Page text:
We develop and run a variety of custom-built computer models to simulate environmental processes, predict the transformation and fate of pollutants, and explore the global climate system.
These atmospheric and hydrological models permit detailed investigation of the physical and biogeochemical processes operating in the environment, allowing interpretation of observational data from field sites on larger spatial and temporal scales and more critical evaluation of our fundamental scientific understanding.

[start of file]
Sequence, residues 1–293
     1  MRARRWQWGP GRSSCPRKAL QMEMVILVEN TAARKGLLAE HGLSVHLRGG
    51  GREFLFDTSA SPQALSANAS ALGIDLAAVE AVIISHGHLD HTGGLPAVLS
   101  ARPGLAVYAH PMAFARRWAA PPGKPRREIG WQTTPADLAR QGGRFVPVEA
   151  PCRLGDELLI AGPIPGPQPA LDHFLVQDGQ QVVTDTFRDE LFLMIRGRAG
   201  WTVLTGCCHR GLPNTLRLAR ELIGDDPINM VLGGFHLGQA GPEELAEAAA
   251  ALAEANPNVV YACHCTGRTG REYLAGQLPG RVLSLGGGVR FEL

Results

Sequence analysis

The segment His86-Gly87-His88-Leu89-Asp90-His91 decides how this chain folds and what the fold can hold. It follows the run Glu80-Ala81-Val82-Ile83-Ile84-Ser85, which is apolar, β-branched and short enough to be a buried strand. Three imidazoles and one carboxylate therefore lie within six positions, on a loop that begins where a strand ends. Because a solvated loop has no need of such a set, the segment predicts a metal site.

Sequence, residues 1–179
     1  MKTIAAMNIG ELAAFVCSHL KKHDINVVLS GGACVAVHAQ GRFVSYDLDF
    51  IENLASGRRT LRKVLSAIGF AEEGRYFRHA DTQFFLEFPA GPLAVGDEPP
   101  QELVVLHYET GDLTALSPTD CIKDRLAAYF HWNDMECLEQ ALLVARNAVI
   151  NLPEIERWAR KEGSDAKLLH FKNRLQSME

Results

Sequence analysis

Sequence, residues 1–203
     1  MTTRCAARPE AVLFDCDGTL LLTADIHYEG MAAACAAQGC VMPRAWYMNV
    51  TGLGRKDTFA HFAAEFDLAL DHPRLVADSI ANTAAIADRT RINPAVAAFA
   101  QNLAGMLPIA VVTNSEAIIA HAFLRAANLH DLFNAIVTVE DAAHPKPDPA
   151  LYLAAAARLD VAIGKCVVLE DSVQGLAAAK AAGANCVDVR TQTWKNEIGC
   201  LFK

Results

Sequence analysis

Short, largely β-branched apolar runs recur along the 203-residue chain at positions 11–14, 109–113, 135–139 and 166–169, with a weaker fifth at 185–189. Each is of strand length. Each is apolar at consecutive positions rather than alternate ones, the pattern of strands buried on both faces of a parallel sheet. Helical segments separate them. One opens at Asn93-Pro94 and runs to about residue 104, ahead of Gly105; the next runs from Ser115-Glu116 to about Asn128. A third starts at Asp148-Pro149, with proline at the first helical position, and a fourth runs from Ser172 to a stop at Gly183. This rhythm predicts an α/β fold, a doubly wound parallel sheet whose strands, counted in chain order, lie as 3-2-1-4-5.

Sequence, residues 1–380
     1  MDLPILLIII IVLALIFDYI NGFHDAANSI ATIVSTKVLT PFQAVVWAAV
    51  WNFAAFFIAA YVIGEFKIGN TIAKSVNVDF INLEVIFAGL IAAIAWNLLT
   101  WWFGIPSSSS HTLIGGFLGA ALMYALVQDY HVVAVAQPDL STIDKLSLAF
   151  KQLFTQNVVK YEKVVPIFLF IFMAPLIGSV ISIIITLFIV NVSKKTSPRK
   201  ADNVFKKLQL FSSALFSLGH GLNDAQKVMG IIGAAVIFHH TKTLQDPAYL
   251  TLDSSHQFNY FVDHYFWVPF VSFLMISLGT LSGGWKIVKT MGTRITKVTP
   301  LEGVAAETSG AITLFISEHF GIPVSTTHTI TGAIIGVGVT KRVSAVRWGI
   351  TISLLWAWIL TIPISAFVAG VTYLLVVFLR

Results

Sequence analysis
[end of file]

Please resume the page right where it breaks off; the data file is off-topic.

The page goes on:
These models provide insight into the environmental fate of pollutants and into the processes driving environmental change, providing a firmer foundation for policy decisions affecting air quality, the climate system, and our responses to natural hazards or flooding.
Our numerical models are generally run on our in-house computational facilities in the department, on the University high-end computing cluster, or on national and international supercomputing facilities.
Numerical simulation and data analysis are important scientific skills that complement practical field and lab-based activities. Many of our undergraduate, masters and research students make use of our modelling tools in their dissertation and thesis projects.
Contact: Dr. Oliver Wild
Tel: +44 (0)1524 594871